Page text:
And a good day was had by all.
Sunday Mom had the energy to get up after our outing on Saturday. For which I am grateful. Even when she called at 6:30 am to ask if I could take her to her church. She wanted to say goodbye to all her friends before leaving for Florida in seven days. That memory is not one she is forgetting. She may forget everything I say or do, but she knows she’s ‘outta here’ on December 1st.
She planned to call bff Richard from the library to take her, as he often does, but I offered, as soon as I finished my blog. An hour to finish writing, an hour to dress and I drove the car around to pick her up at nine. We arrived at her Unitarian church at Thoreau Woods at about 9:10. Nothing in Huntsville is very far away, but there was no one there.
At first she thought I was going to just drop her off in the cold to wait on the steps of the church. I assured her I wasn’t. Just then her dear friend Beth drove up with a key to the church. Beth let her in, and told me the whole church had been invited to a graduation recital at the university by their young piano player. Many of the local churches help music students with scholarships in exchange for their playing for the church on Sundays. I hurried off to my Sunday school then cut church to come back and take Mom to the recital.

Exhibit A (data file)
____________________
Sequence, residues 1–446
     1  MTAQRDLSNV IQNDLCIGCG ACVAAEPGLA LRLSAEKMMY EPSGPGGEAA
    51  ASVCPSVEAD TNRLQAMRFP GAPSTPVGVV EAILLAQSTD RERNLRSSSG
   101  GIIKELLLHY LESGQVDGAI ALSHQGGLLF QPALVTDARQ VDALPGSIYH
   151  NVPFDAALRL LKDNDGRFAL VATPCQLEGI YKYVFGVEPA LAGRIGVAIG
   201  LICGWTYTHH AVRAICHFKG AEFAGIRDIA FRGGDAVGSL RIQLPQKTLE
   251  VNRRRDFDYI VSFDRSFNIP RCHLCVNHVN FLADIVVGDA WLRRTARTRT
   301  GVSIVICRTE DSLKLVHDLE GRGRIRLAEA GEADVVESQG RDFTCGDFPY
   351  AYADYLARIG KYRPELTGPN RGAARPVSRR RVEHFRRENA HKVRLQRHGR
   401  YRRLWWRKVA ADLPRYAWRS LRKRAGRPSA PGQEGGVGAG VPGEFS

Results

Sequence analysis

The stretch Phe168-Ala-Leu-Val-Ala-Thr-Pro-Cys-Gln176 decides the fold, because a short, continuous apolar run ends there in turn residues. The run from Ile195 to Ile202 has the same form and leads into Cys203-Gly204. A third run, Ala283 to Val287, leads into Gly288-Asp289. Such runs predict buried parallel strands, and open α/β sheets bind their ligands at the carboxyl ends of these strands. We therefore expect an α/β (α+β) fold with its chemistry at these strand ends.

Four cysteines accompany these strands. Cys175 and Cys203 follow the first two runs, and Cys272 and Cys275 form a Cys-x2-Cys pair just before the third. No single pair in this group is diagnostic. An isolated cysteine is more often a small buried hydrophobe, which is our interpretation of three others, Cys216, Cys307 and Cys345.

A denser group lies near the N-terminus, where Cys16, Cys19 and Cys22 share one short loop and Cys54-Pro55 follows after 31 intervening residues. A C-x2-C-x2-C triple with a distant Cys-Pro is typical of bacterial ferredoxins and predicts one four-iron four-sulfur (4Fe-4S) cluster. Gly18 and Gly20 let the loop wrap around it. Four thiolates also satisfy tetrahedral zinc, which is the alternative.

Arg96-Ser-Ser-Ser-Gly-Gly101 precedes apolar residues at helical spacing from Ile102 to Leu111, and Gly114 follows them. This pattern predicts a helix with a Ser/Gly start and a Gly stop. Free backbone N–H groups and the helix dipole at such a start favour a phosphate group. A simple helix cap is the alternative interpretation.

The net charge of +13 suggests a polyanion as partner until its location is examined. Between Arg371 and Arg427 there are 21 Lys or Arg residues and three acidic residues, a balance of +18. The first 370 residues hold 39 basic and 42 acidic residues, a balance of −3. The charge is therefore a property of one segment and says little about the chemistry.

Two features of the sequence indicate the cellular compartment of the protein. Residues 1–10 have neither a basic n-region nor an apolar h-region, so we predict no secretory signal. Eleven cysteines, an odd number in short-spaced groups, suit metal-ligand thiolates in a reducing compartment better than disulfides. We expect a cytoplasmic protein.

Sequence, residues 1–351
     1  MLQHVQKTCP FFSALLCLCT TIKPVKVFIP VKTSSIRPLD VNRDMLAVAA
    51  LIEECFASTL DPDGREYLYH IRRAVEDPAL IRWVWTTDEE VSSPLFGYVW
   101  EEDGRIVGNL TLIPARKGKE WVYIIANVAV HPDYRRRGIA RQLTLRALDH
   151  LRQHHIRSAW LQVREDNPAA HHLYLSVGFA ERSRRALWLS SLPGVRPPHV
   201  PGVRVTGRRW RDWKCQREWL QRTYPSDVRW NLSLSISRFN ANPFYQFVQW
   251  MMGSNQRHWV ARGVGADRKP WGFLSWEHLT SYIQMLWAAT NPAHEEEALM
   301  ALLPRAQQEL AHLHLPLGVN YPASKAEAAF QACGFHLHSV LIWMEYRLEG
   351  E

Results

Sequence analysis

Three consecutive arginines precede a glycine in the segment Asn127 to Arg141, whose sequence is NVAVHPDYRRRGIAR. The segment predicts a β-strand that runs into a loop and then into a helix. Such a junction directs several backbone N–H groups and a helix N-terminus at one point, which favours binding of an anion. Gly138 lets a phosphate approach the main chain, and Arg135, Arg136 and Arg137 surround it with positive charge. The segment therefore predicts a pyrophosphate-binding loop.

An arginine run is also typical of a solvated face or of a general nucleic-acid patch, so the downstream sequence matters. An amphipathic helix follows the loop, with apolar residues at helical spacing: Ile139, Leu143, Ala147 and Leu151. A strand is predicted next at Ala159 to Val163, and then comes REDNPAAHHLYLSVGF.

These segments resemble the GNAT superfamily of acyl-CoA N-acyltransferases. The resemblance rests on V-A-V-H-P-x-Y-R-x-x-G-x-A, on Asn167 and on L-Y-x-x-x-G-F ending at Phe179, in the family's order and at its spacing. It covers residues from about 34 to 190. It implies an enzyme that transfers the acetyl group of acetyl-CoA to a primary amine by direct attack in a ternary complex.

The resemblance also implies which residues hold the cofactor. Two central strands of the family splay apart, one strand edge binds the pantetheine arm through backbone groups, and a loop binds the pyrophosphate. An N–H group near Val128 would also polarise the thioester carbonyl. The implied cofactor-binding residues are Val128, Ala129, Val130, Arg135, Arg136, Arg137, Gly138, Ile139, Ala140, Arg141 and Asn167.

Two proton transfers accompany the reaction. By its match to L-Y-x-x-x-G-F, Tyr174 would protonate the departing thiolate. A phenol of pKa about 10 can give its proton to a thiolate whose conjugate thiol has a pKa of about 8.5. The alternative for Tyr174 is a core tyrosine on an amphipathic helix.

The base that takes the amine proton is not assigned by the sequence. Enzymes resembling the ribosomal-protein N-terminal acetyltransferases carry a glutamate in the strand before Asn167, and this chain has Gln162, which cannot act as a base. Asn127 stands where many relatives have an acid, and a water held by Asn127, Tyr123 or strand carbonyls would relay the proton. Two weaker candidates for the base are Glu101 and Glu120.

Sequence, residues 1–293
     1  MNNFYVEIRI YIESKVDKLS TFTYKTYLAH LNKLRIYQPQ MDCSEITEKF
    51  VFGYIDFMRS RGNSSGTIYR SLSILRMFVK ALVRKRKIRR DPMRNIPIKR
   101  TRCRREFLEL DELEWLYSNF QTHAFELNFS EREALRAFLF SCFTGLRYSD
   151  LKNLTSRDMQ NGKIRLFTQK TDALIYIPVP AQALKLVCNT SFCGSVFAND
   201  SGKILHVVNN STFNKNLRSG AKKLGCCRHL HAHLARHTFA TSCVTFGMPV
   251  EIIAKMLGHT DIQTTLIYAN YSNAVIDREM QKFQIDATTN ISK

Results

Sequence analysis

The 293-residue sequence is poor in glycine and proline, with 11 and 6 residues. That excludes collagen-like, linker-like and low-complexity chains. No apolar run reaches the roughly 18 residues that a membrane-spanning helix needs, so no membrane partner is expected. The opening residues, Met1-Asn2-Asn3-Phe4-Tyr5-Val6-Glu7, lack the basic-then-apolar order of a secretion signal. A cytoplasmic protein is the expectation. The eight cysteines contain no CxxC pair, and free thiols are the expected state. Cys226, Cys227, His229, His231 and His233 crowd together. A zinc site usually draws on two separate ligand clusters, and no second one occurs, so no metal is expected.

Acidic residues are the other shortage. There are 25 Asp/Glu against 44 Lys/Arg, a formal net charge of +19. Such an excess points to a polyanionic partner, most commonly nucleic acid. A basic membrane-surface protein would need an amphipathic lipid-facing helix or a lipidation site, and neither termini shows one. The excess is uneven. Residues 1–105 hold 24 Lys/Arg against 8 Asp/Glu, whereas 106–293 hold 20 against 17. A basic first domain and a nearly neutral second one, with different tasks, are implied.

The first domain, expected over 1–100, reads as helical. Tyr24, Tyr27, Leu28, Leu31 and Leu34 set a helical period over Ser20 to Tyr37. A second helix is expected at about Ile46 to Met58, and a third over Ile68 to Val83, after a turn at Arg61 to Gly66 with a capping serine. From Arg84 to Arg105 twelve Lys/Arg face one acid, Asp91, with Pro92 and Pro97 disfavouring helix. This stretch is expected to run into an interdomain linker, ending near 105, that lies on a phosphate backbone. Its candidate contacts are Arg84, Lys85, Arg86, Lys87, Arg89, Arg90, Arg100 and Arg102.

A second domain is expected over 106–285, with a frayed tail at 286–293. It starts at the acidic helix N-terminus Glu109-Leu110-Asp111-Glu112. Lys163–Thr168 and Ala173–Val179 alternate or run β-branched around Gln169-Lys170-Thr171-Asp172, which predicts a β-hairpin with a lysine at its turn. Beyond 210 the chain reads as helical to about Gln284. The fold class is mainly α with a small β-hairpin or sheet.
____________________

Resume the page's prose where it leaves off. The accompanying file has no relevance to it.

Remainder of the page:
Mom has always enjoyed music. As far back as I can remember she has plunked away at the piano.
She and my father tried to interest us in music. We even had a family ‘band’ that played “Over the Waves” with a funny, fat, elderly Mexican conductor who struggled mightily to teach us music. My Brother Joe learned the clarinet, and Sister Sara joined the school choir. I tried the violin but at the school recital I lost my place and just sort of sawed back and forth with the bow in the air pretending I was playing. Not my finest hour.
When Mom moved here we bought her a keyboard. I brought her the hymnal from the church and several of pieces of music she liked. After K.R. Wood played Moon River to her, she wanted to learn that on the piano as well. She plays occasionally, enjoying the effort even if she struggles to get through the pieces. I have heard that music is good for memory building, especially for the elderly. I haven’t suggested that should be the reason to play but it sure couldn’t hurt.
I picked Mom up just as their church let out and we drove over to the magnificent James and Nancy Gaertner Performing Arts Center. Andrei Chelaru, a 22 year-old Rumanian student, has been attending Sam Houston State University for four years. This was his graduation recital in which he performed music he had composed.
The performance included his own piano pieces (Scenes of the Slavic Soul), a composition for a quartet with flute, saxophone, viola and cello, a beautiful piece for a soprano, and then a fun Jazz Suite. The variety of styles and the changes in his composition from his earliest works in 2011 to the present was fascinating. Of course, he received a standing ovation at the end. Admittedly the audience was all friends and family, but he still did an excellent job.
If music soothes the soul, (or is it the savage beast?) then Mom was indeed soothed. I got her home and we had pot roast and vegetables–with buttered, broiled bread which she didn’t turn her nose up at—and pumpkin pie.
She even let me watch my TV program in peace. Blessings on music.